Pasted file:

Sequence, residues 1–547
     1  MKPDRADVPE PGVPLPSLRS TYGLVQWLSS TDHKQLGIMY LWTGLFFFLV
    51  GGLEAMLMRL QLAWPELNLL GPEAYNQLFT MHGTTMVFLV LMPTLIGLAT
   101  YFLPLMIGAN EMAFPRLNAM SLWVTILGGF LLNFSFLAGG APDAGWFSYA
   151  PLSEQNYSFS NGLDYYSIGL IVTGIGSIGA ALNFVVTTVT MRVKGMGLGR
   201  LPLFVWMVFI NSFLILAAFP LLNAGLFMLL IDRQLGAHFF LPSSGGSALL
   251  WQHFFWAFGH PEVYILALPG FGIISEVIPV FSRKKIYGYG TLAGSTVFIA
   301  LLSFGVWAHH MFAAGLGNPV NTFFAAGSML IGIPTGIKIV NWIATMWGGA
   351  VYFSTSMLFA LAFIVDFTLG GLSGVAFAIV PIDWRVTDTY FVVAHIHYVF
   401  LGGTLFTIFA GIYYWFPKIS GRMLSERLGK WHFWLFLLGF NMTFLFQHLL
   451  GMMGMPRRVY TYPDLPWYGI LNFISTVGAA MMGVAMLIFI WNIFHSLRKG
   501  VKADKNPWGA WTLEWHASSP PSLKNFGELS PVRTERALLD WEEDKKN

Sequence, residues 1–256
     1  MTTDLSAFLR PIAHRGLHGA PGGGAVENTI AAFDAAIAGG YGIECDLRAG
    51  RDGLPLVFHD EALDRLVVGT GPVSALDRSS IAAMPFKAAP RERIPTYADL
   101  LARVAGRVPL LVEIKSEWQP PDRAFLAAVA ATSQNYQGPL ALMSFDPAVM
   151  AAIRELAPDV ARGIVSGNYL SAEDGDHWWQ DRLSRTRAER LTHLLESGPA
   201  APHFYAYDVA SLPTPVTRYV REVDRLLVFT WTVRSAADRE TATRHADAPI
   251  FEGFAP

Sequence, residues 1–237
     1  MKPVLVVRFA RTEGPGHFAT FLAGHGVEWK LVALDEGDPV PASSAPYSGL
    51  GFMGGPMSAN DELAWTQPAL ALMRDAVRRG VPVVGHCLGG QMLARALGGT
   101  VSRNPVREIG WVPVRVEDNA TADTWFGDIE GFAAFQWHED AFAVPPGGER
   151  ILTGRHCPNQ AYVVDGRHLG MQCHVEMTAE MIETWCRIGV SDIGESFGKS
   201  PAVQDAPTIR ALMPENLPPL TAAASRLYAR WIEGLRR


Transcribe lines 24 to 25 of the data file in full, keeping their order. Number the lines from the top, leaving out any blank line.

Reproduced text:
   151  ILTGRHCPNQ AYVVDGRHLG MQCHVEMTAE MIETWCRIGV SDIGESFGKS
   201  PAVQDAPTIR ALMPENLPPL TAAASRLYAR WIEGLRR